Showing posts with label First viewing. Show all posts
Showing posts with label First viewing. Show all posts

Wednesday, June 23, 2021

Joan Watch: Queen Bee (1955)




Watched: 06/22/2021
Format:  Amazon Watch Party
Viewing:  First
Decade:  1950's
Director:  Ranald MacDougall

Jenifer was good enough to host a watch party this evening and selected Queen Bee (1955), a film from Joan Crawford's mid-40's to mid-50's cycle.  

I'd label the movie as a "Southern Gothic Melodrama", and I wouldn't be shocked to see it pop up on Noir Alley, either, but not til we've exhausted other films like Flamingo Road, which fits the bill better.   I genuinely enjoyed the film, in part because it's so bonkers and done with complete sincerity as Crawford manipulates everyone around her in a grand old house in small-town Georgia.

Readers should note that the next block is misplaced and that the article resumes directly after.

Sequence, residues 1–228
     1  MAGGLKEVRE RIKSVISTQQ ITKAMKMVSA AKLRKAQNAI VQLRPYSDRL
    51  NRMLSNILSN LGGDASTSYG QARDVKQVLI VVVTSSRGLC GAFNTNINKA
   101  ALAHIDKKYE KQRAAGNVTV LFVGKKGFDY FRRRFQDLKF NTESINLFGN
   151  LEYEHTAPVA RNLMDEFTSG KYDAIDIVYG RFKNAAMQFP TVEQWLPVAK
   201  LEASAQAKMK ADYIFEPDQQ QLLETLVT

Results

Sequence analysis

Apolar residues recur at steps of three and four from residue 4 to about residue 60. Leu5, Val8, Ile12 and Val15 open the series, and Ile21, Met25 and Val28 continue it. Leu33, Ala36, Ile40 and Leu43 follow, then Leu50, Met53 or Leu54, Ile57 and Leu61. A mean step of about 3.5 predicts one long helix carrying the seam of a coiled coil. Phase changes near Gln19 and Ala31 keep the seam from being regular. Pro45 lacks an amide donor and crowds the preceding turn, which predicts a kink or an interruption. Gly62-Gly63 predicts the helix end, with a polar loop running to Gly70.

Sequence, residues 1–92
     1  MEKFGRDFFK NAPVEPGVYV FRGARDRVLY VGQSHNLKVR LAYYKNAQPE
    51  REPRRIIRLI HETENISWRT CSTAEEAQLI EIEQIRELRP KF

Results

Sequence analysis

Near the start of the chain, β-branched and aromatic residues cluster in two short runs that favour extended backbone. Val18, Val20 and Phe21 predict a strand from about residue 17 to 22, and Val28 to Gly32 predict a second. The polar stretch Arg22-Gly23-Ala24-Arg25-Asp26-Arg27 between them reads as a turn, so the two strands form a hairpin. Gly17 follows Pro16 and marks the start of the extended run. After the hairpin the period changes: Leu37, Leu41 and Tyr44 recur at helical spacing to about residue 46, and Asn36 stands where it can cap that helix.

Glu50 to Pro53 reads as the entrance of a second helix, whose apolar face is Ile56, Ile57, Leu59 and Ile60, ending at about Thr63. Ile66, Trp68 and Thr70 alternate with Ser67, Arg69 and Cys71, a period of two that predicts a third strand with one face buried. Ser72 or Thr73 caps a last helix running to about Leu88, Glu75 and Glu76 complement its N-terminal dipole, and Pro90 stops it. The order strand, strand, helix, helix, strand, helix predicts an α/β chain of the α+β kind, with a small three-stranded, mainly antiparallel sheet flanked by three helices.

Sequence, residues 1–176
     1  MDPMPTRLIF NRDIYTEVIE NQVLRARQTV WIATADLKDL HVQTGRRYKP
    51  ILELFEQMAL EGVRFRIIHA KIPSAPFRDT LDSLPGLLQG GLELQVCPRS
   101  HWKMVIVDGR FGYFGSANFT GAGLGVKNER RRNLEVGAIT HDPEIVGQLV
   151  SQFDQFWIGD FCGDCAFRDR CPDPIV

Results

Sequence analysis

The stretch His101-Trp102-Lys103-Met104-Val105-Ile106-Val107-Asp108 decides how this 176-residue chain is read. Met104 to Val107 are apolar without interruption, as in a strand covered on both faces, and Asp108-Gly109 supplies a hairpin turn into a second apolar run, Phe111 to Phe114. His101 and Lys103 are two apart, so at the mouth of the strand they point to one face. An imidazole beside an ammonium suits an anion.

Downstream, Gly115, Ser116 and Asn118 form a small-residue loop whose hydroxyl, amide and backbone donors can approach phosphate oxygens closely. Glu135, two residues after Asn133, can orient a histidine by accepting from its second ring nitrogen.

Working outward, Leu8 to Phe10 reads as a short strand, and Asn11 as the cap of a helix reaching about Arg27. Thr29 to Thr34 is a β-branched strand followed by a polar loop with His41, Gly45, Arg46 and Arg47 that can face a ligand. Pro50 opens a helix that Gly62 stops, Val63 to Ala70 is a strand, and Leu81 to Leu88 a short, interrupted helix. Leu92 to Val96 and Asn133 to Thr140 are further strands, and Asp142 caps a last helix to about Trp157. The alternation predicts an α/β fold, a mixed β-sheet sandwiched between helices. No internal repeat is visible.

The film co-stars Barry Sullivan and John Ireland, but our POV is the young cousin of Crawford played by Lucy Marlow, who arrives after her schooling to be a sort of companion/ secretary to Crawford.  But I just figured out the woman playing one smaller role was Fay Wray, aged 48 or so.  Mind officially blown.

You can't not comment on the fact that Crawford was 50 or older when the movie was filmed and is still playing a woman who is probably supposed to be no older than 35.  I can never think of anyone who pulled this sort of thing off in the studio-era for as many movies in a row who wasn't Mae West.  But casting contemporary Wray against her as a former rival for the affections of Barry Sullivan, is no mean feat.  And, look, it's not a criticism.  Crawford's make-up was more a problem by 1955 than the actual aging process, and in some shots and in some entire films from the era, it works.  Crawford herself is no less powerful an actress, and one wonders if she dialed it back how she might have appeared (although her hair in this film is the tight perm of the mid-50's that did few women any favors).